Biomechanical comparison of single- and two-level cervical arthroplasty versus arthrodesis: effect on adjacent-level spinal kinematics

Bryan W Cunningham, Nianbin Hu, Candace M Zorn, Paul C McAfee
Spine Journal: Official Journal of the North American Spine Society 2010, 10 (4): 341-9

BACKGROUND CONTEXT: The use of motion-preserving spinal implants versus conventional arthrodesis instrumentation systems, which stabilize operative segments, necessitates improved understanding of their effect on spinal kinematics and the biomechanically optimal method for surgical reconstruction.

PURPOSE: The primary objective of this study was to measure operative- and adjacent-level kinematics after single- and two-level cervical arthroplasty and compare them with those after anterior cervical arthrodesis. A secondary objective was to locate the centers of intervertebral rotation at the operative and adjacent levels after arthroplasty and compare them to those after arthrodesis.

STUDY DESIGN: This biomechanical study used an in vitro human cadaveric model to compare the multidirectional flexibility kinematics of single- versus two-level cervical disc arthroplasty reconstructions.

METHODS: Eight cadaveric cervical spines (C2-T2) were biomechanically evaluated between Levels C4 and T1 in the intact condition and under the following reconstructions: single-level arthroplasty (C6-C7) using porous coated motion (PCM) device; single-level arthrodesis (C6-C7) using interbody cage with anterior plate; two-level arthroplasty (C5-C7) using PCM devices; two-level hybrid treatment of arthroplasty (C5-C6) using PCM device and arthrodesis (C6-C7) using cage/plate; and two-level arthrodesis (C5-C7) using cage/plate. Multidirectional flexibility testing used the Panjabi hybrid testing protocol, including pure moments for the intact condition with overall spinal motion replicated under displacement control for subsequent reconstructions. Unconstrained intact moments of +/-3.0 Nm were used for axial rotation, flexion-extension, and lateral bending testing with quantification of the operative- and adjacent-level range of motion (ROM) and neutral zone. The calculated centers of intervertebral rotation were compared for all intervertebral levels under flexion-extension conditions.

RESULTS: Axial rotation loading demonstrated a significant decrease in the C6-C7 ROM for the single-level arthrodesis group compared with the intact spine and the single-level arthroplasty group (p<.05). No differences were observed between the intact and single-level arthroplasty groups (p>.05). For the two-level hybrid treatment group, the C5-C6 ROM significantly increased compared with the intact, single-level arthroplasty, and two-level arthrodesis groups (p<.05). Moreover, a significant increase was observed in the adjacent-level (C7-T1) ROM for the two-level arthrodesis group compared with all other treatment groups (p<.05). Under flexion-extension, no differences were observed in C6-C7 ROM between the intact spine and single-level arthroplasty groups (p>.05). However, as expected, the single-level arthrodesis and two-level hybrid treatment groups demonstrated a decreased ROM at C6-C7 versus the intact spine and arthroplasty treatments (p<.05). In terms of adjacent-level effects, two-level arthrodesis (C5-C7) led to increased ROM in the inferior level (C7-T1) in axial rotation and flexion-extension compared with the intact spine and all other treatment groups (p<0.05). Lateral bending loading conditions demonstrated no significant difference among the treatment groups (p>.05). In flexion-extension, the centers of intervertebral rotation for the intact spine and single-level arthroplasty groups were localized in the central to posterior one-third of the inferior vertebral body for each motion segment: C5-C6, C6-C7, and C7-T1. The single-level arthrodesis group produced more diffuse centers of rotation, particularly at the operative (C6-C7) and inferior adjacent levels (C7-T1).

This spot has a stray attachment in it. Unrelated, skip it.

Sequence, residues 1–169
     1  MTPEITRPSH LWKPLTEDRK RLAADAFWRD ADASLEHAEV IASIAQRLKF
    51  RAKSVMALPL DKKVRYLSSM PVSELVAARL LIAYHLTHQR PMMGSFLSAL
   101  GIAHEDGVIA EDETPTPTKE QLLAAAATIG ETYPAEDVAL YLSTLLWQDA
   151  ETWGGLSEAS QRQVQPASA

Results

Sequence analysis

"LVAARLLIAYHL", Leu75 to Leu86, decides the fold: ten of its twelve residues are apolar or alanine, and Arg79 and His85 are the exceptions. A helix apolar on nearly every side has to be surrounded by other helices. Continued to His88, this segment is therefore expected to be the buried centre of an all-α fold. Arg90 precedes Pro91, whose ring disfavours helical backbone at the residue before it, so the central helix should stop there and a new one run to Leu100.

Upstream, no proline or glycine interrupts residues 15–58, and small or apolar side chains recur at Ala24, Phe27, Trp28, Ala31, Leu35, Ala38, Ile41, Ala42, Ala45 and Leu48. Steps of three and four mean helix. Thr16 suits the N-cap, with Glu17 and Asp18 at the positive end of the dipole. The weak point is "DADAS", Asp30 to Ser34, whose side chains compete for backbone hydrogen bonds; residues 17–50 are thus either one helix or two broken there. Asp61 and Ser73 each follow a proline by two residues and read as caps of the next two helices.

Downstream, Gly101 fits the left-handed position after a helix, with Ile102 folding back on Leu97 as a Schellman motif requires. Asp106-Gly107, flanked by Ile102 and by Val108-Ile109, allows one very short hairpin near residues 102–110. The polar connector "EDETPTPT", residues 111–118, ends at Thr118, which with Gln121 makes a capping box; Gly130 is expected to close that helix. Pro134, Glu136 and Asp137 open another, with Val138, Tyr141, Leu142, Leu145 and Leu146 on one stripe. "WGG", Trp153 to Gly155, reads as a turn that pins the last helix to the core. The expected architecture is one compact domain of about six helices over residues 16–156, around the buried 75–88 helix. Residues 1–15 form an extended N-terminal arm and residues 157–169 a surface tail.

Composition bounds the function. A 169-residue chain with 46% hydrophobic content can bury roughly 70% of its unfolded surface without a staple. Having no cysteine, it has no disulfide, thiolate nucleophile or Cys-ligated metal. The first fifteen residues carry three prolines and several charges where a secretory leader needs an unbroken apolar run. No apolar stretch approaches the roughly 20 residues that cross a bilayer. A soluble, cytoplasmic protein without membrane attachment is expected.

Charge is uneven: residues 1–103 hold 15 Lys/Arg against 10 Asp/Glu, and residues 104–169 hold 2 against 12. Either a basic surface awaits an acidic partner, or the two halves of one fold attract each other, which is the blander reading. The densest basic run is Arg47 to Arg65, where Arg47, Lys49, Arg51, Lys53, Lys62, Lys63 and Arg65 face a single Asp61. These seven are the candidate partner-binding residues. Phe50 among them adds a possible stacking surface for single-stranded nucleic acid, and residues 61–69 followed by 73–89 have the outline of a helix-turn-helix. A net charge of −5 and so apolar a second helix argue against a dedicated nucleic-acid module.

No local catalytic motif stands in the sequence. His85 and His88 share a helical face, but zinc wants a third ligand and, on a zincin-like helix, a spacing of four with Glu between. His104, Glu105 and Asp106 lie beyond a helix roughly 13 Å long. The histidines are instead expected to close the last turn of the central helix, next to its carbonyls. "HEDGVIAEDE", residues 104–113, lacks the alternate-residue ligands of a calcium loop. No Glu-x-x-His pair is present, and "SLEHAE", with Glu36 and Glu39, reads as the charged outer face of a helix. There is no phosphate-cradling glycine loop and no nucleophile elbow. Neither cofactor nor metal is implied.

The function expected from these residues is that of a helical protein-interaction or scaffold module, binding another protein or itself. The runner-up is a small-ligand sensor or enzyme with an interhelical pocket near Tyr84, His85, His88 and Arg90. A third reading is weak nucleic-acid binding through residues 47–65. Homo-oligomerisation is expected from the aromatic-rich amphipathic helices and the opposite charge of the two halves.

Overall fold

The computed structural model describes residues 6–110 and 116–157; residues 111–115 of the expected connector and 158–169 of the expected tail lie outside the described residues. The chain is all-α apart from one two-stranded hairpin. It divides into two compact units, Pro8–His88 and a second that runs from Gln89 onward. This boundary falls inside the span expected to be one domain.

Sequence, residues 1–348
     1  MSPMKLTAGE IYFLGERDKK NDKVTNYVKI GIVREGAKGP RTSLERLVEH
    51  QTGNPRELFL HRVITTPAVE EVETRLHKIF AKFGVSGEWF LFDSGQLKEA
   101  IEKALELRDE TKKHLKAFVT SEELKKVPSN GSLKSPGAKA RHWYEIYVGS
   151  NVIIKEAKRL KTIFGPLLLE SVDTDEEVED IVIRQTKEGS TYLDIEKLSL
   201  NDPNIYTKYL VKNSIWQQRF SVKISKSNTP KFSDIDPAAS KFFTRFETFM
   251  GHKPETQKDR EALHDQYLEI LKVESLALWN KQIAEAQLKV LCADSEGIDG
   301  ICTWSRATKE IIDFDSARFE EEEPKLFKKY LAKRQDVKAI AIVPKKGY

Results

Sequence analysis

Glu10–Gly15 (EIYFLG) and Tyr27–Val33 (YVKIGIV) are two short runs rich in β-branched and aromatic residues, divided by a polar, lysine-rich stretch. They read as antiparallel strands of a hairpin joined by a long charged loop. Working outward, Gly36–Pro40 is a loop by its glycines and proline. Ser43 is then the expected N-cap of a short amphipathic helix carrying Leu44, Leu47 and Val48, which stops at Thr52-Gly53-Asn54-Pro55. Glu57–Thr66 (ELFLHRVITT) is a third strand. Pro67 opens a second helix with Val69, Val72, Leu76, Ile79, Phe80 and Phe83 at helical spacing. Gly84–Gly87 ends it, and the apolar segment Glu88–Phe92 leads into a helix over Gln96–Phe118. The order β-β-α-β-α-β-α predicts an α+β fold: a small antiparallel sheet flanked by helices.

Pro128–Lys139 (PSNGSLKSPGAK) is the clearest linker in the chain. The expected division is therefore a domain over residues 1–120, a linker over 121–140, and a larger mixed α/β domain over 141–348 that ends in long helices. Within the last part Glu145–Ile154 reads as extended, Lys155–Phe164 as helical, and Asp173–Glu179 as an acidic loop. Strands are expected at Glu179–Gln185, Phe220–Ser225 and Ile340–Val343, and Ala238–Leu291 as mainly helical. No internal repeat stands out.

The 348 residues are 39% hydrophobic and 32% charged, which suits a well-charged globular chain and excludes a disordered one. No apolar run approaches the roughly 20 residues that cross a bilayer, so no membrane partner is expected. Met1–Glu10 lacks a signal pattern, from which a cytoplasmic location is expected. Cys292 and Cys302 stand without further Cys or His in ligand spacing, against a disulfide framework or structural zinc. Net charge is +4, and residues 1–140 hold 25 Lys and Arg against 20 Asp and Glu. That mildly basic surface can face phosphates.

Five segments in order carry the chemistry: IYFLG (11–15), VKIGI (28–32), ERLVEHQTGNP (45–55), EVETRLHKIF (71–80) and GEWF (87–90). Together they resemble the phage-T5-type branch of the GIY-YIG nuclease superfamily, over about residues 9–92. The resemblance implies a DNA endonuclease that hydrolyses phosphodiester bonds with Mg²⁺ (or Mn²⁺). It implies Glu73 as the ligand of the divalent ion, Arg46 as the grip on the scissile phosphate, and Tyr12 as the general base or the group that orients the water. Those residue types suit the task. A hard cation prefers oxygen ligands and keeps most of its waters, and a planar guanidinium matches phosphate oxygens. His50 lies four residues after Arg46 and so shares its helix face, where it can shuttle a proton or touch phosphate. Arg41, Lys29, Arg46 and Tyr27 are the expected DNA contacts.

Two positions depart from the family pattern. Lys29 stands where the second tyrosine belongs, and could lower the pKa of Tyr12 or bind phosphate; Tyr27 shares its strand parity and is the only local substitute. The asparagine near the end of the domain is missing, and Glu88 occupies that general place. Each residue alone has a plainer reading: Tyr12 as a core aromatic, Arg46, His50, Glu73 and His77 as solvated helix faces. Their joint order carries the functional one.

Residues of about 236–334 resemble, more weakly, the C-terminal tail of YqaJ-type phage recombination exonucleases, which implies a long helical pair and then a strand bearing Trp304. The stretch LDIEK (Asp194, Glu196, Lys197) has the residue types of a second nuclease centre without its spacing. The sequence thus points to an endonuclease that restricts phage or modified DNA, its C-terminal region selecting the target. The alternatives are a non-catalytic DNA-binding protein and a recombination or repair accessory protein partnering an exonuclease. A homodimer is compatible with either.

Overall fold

CONCLUSIONS: This study highlights the biomechanical effects of single- and two-level cervical arthroplasty versus single- and two-level arthrodesis on four functional spinal levels (C4-T1). Operative-level ROM was preserved with single- and two-level arthroplasty under all loading modes. The distal adjacent level (C7-T1) demonstrated the greatest increase among the four levels in ROM compared with the intact condition after two-level arthrodesis. These kinematic findings were corroborated by changes in the adjacent-level centers of rotation after arthrodesis and may suggest a biomechanical cause of adjacent-level disease secondary to cervical arthrodesis.

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